Iron diplomacy

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The first foreign delegation to Kyiv during the 2022 invasion meeting with Ukrainian leaders in front of the situation room after arriving by rail[a]
US secretary of state Antony Blinken on the train to Kyiv

"Iron diplomacy" (Ukrainian: залізна дипломатія, romanizedzalizna dyplomatiia) refers to the practice of transporting world leaders through Ukraine via rail since the start of the 2022 Russian invasion of Ukraine.[1][2][3][4][5][6][7][8][9] The expression was coined by Oleksandr Kamyshin, the head of Ukrainian Railways, because many diplomats were being shuttled by train to and from Kyiv, the capital city, as the use of Ukrainian airspace was impractical due to the invasion.[10][11][9] In addition, the first foreign leaders to visit Kyiv had decided to avoid travelling from Poland to Ukraine via a Polish military jet, in case Russia interpreted it as an escalating move.[12]

Rail system[edit]

External media
Images
image icon A conductor showing the dining car[13]
image icon A well-furnished meeting room[13]
image icon The first foreign delegation in transit[13]
image icon Von der Leyen amongst furnishings[15]
Video
video icon Scholz and Draghi in Macron's room[14]

Since the start of the Russian invasion in 2022, Ukraine's airspace has been closed and its roads have become unreliable due to fighting.[15] As a result, the country has been forced to rely heavily on its rail system for transport, including for humanitarian aid, refugees, weapons, and food for export.[15][10] As the rail system is crucial in Ukraine's resistance to the invasion, Ukrainian Railways has continued to run despite repeated attacks against the system, such as the attack on Kramatorsk station.[10] Security has also increased, and Oleksandr Kamyshin, who runs Ukrainian Railways, is now armed and accompanied by two bodyguards, keeps his schedule and location secret, and avoids physical contact with his family.[10][b]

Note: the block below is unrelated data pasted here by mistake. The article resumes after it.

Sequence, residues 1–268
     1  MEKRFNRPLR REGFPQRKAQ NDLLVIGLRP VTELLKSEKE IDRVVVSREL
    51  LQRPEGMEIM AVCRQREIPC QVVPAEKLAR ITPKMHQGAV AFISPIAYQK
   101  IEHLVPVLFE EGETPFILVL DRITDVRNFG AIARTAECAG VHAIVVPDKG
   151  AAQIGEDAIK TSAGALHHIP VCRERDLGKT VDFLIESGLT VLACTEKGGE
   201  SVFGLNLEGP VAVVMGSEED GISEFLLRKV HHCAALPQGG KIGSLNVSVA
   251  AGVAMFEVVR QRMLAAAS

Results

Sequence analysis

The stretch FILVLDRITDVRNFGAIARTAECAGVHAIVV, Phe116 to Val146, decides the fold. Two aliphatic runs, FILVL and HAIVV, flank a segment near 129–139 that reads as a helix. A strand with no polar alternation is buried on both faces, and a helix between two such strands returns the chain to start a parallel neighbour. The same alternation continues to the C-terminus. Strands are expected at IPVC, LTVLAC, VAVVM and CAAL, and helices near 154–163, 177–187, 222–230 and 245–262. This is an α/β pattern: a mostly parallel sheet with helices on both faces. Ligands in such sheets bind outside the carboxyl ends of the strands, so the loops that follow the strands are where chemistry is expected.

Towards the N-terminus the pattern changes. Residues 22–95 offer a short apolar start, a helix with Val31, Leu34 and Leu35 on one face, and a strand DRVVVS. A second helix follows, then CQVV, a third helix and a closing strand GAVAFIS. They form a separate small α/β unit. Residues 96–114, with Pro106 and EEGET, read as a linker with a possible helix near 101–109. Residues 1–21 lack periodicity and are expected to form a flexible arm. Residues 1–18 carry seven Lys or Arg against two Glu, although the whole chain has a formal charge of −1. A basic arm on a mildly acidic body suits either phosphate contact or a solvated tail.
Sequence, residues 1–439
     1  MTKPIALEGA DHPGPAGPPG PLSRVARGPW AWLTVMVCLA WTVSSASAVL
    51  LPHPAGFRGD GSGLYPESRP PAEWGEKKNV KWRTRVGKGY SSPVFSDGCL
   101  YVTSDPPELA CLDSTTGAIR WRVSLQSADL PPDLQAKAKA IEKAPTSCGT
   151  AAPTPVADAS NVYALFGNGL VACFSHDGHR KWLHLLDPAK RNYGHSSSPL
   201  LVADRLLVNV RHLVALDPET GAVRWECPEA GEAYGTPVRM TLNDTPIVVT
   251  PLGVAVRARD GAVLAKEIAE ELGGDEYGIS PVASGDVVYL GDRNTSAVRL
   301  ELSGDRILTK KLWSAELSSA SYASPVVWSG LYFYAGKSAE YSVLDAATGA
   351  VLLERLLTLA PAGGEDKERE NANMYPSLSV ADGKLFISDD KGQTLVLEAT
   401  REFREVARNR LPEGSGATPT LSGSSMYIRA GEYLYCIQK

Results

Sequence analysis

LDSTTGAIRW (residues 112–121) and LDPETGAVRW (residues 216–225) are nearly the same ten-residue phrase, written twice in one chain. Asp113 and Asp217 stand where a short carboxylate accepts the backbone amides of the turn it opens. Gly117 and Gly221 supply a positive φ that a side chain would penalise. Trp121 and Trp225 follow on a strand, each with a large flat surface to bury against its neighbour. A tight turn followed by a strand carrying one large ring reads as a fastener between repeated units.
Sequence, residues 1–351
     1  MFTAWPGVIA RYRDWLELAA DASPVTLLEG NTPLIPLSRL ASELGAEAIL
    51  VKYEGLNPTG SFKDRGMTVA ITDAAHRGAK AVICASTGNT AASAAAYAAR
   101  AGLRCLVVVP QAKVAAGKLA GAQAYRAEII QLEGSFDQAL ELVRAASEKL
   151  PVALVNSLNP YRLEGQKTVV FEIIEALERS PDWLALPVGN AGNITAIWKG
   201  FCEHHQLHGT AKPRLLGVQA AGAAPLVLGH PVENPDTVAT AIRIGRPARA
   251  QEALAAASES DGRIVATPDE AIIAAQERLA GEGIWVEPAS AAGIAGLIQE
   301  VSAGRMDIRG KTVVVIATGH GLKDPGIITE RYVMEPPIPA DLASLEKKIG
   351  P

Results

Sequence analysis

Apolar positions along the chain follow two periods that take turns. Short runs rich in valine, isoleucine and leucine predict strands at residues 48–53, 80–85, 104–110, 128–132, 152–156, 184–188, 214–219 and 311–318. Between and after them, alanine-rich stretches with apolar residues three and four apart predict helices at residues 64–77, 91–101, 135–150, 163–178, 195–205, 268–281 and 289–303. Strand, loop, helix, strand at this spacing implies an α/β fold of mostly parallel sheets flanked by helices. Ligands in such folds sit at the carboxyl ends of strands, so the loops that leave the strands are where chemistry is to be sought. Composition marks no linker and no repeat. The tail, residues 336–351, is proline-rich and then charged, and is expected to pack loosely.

Diplomats and other world leaders who wish to travel through Ukraine are faced with a similar lack of options, so they regularly take part in Kamyshin's iron diplomacy program.[15] Ukraine also provides a security detail for the visiting leaders, and Kamyshin also keeps their travel details secret, but sometimes information ends up being publicized before the delegation has left Ukraine, which increases the risk of an attack.[15][16]

Carriages[edit]

One of the carriages used in the iron diplomacy program was originally constructed for rich tourists to the Crimean peninsula.[15][13] Completed in 2014, it was used only a few times before Russia annexed the peninsula early that year.[13] Recently modernized carriages from the Soviet era have also been used for the iron diplomacy program.[15] Although much of the furniture is of high quality to allow visiting leaders to travel comfortably, and meeting rooms are generally furnished with nice upholstery, not all the carriages have been given equal treatment.[15] Notably, when French president Emmanuel Macron, German chancellor Olaf Scholz, and Italian prime minister Mario Draghi were travelling together to Kyiv, they were all smiling when discussing the stark differences between the accommodations they were provided.[14]

Notable visits[edit]